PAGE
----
journey; armed with machetes, through the jungle surrounding the bay of Santa Antonio, there mission to find the fort mentioned in Davis’s story.
After several hours of hard work they finally hacked their way through to the remains of this once splendid garrison, they had found the fort built in
1695 by the Portuguese and named ‘Santa Ana de Santo Antonio da Ponta Mina’.
(pictures of cannons we found, coming shortly)
Some of our sources report that Bartholomew Roberts shelled the fort from the bay using the cannons on board his ship; did the Portuguese retaliate
with theirs and if so, are these the cannons pictured, cannons that have over 250 years ago smoked in their defense of Santa Antonio?
We are presently in the process of tracing details of the damage caused at the fort by Bartholomew Roberts, the fort and surrounding land has now been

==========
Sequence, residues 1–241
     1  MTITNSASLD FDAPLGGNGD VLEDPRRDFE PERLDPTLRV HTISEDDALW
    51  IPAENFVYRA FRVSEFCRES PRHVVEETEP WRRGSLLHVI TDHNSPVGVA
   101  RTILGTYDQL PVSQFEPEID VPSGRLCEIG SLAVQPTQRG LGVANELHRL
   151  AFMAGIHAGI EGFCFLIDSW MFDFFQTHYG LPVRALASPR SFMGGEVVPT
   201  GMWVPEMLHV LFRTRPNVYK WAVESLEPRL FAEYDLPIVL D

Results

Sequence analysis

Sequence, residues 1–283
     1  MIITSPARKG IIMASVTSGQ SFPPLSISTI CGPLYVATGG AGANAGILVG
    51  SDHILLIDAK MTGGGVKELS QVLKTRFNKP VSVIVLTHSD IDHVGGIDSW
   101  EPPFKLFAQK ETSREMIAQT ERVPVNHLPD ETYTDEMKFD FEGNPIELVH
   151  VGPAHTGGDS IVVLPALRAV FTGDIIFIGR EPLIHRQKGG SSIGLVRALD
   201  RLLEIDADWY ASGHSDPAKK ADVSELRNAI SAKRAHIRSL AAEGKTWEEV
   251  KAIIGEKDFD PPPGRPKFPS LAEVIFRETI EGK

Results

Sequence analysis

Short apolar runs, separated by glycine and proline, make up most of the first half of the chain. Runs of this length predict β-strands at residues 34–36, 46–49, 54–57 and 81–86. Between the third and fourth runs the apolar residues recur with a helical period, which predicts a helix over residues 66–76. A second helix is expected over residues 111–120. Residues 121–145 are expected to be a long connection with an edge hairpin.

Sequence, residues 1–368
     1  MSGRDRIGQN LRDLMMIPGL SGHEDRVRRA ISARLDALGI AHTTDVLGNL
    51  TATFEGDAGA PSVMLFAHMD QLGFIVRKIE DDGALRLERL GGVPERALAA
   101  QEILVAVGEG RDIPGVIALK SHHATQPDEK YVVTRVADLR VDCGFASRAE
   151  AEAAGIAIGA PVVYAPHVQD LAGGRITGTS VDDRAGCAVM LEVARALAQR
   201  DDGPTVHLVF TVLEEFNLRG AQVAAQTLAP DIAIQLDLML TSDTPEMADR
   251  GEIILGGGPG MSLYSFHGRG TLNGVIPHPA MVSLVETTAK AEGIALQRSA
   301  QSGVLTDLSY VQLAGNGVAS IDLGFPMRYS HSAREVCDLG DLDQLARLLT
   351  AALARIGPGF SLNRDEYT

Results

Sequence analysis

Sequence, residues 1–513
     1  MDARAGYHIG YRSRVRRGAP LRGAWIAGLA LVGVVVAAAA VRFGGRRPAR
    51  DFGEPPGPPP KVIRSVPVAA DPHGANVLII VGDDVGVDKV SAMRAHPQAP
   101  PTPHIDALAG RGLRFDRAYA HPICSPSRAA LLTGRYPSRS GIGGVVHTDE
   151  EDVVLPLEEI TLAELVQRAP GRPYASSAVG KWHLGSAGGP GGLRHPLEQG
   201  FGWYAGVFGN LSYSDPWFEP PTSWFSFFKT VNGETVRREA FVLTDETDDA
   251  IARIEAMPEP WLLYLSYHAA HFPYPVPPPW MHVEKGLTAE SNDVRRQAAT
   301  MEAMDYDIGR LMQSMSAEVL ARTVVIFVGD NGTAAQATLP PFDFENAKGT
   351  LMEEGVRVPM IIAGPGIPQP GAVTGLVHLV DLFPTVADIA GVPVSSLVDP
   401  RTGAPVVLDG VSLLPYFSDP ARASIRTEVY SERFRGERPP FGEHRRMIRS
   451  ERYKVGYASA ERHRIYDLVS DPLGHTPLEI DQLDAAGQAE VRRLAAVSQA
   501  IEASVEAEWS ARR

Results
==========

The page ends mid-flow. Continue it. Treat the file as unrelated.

purchased by ‘Island Expeditions’ and we continue in our attempts to ascertain the facts surrounding Howell Davis’s death. By corresponding with
the Portuguese government and their records in Lisbon, we intend to clarify the facts as they were reported back to the Portuguese crown in 1719,
perhaps they will yield the details of Howell Davis’s death and possibly his burial on the Island of Principe?
Our research points to Howell Davis’s ships being heavenly laden with plunder as he entered Principe, after abandoning the ‘St. James’ Davis
would have required the acquisition of further large vessels to continue with his crew and their loot, it entirely possible that a sizable amount of
Davis’s booty was buried on Principe for collection at a later date with larger ships. Were the mysterious circumstances surrounding his death
linked to a failed attempt by a corrupt Portuguese governor to ascertain the buried location of this treasure? In true pirate fashion it is unlikely
that Davis would have revealed its location, were each of the 5 bullets fired into him an attempt to make him talk and only in the end when he would
reveal nothing he was silenced forever with a knife?
Does this treasure still lay buried somewhere on the forgotten island of Principe?
[edit on 12-2-2006 by optimus fett]
[edit on 12-2-2006 by optimus fett]